Wallace B. McClure

All About Wally McClure - The musings of Wallym on Web, HTML5, Mobile, Xamarin.iOS, Xamarin.Android, and Windows Azure.

  • Making your Golf Charity Scramble Memorable

    You really want to make your charity/foundation golf scramble a memorable experience.  You want people to come back year after year.  You want to expose your sponsors to people in more ways. You want your golfers to clear the golf course as quickly as possible.  Your golfers have lives.  Sure, they love talking a bit after golf, but they don't like waiting around 90 minutes for the scores to be tallied.  You and your staff of volunteers have been at the golf course since 6:30 am.  They are hot.  They are tired.  They want to go home.  The golf pro staff is human.  They make mistakes.  They have been at the course for many hours.  They are hot and tired as well.  They really don't want to then spend the next 90 minutes chasing down scorecards and then having to total them up.     And when there are ties, they aren't looking forward to going through the work of the USGA tie breaking system. 

  • Stableford Scoring in Golf with Azure

    We revamped our scoring for a golf stableford scoring system. The problem with Stableford is that it is in general hard to figure out during a round how your team is doing in relation to your quota. The scoreboard is fast and shows the scores as well as your position within the event relative to your quota. The performance is also lightening fast. check out the video. This shows the display of the scores over each hole per group and the scoring is updated per the USGA guidelines for tie breaking. I'm quite proud of this.

  • Multi-Round Stroke Play Golf with Markers, Rulings, Video, Photos, and Commentary - Thanks to Azure, Xamarin, ASP .NET Razor

    This past weekend, our golf course had it's Medal Play Championship.  It was a two round event (Saturday and Sunday June 2nd and 3rd, 2018).  The inclusion of our application gives the event a real high level experience not only for those that are playing, but for course members that are at home.  This is a first rate experience for everyone.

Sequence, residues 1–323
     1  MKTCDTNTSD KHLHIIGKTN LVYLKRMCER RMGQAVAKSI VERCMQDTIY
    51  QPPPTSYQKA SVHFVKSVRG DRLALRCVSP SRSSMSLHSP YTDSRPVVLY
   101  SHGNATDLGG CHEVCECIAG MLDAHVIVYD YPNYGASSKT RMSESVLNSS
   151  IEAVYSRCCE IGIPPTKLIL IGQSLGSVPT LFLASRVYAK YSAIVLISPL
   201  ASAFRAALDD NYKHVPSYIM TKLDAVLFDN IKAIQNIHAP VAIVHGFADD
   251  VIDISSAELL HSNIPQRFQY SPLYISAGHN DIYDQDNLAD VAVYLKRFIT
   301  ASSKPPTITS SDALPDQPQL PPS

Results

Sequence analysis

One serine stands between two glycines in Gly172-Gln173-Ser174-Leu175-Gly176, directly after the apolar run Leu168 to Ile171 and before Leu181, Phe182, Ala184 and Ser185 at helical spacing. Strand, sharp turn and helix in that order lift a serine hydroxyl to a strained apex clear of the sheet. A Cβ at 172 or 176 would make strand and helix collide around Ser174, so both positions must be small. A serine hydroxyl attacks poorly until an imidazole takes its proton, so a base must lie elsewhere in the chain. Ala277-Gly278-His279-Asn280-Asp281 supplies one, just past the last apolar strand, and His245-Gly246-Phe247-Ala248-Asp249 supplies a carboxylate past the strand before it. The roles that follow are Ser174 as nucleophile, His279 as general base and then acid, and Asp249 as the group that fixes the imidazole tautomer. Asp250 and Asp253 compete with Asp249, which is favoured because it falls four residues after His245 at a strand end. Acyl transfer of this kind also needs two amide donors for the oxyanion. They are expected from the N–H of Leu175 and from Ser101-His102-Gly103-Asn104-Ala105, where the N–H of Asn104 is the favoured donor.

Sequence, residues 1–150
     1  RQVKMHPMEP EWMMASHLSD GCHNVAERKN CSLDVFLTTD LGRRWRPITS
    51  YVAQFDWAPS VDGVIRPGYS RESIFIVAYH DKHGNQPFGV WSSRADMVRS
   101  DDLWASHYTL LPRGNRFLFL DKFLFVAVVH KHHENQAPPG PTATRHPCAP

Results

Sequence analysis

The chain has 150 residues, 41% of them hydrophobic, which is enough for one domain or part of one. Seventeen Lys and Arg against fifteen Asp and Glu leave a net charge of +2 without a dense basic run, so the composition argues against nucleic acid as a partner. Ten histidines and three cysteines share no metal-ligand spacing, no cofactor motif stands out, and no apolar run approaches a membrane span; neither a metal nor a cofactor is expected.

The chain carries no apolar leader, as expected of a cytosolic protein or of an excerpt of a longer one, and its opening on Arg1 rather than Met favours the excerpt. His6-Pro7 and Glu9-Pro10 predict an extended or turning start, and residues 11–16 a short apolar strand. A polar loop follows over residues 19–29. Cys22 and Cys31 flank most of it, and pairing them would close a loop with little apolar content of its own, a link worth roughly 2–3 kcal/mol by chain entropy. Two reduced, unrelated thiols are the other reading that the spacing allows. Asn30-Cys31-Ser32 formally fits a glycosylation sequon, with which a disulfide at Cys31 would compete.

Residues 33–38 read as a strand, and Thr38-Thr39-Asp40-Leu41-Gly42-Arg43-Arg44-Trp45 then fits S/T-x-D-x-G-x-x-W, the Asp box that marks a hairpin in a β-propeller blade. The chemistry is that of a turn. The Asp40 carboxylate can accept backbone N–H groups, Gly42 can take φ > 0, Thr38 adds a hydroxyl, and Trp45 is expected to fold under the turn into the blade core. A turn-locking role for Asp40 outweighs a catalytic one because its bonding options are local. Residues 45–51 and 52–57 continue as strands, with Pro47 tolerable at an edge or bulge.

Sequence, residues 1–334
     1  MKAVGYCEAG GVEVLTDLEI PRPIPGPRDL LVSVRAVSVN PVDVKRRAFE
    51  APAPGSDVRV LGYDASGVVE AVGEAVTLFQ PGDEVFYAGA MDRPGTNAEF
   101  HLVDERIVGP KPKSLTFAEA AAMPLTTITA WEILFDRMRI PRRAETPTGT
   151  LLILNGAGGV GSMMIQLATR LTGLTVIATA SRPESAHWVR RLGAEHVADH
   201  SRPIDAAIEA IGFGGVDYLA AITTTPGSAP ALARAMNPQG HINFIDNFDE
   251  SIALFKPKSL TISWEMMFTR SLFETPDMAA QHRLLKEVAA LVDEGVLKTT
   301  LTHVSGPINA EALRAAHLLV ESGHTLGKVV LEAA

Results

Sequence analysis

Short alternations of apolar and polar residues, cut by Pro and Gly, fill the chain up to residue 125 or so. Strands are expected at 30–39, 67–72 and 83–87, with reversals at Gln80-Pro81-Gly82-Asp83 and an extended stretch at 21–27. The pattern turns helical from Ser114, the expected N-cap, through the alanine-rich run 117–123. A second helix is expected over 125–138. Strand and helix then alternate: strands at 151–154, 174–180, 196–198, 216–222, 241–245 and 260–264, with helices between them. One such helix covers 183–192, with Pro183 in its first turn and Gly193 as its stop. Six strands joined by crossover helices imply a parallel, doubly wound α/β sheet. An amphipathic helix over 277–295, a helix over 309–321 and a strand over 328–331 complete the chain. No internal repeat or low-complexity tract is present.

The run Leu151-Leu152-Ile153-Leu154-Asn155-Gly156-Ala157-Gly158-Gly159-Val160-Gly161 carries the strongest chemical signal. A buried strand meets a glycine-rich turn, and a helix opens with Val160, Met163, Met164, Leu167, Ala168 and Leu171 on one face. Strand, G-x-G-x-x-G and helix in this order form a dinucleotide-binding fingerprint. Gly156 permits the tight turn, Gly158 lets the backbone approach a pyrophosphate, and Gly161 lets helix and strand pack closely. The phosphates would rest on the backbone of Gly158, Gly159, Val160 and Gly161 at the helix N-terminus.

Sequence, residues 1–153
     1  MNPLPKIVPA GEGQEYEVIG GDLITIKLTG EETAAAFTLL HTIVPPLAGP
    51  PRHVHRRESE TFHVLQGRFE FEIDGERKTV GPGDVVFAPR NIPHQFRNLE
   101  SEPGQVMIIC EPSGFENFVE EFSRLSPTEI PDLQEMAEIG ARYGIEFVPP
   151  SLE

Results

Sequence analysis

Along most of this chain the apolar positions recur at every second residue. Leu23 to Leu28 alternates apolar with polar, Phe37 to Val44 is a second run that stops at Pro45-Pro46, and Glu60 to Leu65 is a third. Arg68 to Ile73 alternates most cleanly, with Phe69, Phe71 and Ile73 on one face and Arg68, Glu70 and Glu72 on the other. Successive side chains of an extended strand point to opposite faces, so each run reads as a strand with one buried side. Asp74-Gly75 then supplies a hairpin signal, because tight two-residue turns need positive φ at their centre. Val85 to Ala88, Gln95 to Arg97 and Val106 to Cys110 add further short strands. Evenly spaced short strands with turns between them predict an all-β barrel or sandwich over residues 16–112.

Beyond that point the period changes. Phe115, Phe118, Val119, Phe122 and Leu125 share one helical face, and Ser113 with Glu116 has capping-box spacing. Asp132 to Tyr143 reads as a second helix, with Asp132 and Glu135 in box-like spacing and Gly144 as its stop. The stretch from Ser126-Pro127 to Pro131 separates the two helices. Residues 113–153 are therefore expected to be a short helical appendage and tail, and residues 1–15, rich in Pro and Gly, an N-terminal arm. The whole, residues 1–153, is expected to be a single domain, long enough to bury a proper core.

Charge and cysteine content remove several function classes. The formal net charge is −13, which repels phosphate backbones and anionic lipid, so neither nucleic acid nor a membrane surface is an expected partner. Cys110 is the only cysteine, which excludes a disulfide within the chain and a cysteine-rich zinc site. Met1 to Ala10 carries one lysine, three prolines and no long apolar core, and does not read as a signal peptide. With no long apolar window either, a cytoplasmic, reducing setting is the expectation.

• Stockholm Syndrome of Software

    I've talked about how customers get so attached to failed code, trying to save some form of cost from a failed software project and unwilling to part with the disaster, that I've come up with a term for it.  I refer to it as the "Stockholm Syndrome of Software."  The basic idea is that customers get so attached to failed software projects, they will try to do anything to save the investment, including trying to sprinkle a new software project with failed pieces of software.

    It is understandable.  On the surface, this makes sense.  Surely somewhere in this pile of code, there is something that it makes sense to keep. Or, another view of it is that we, the company, can just throw out the old developers, bring some newer/better developers in to solve our problems.  These new developers, all they need to do is to cut the head off of a live chicken, perform a voodoo dance around a keyboard, presto changeo, and we have a fully running system.

    This is a nightmare.  The code failed for a reason.  If the previous set of developers didn't know what they were doing, why do you think the architecture that they started is worth a damn?  Why run on top of the old software?  Why would you want to infect good code with bad?

    Sorry folks, software that doesn't work and never reached the level of being acceptable for use by being deployed is not really suitable for use.  Instead of spending good money on top of bad and trying to keep software on life support that should be shot, go ahead and admit that the software is a sunk cost.  Throw the non working code away.  Get a set of developers that are trustworthy and can deliver.  Don't micromanage them.  Don't tell them to just put a few tweaks on the non working code.  Don't cling to the old code, trust me, you will be better off.

    I find that this problem is rampant.  Everyone thinks that they can save a few bucks by going the cheap route.  The cheap route doesn't tend to work.  The cheap route costs more with software that doesn't quite work.  It fails in weird places.  It craps out with 5 users.  It does all the wrong stuff at the wrong time.  Trust me, you are better off without cheap, crappy code.  Let it go, and do it right.

  • Startup Posts

    I wanted to tie together a few of my startup articles designed for developers and to put them into one place where I can access them.  Here are my articles from Visual Studio Magazine over the past few years.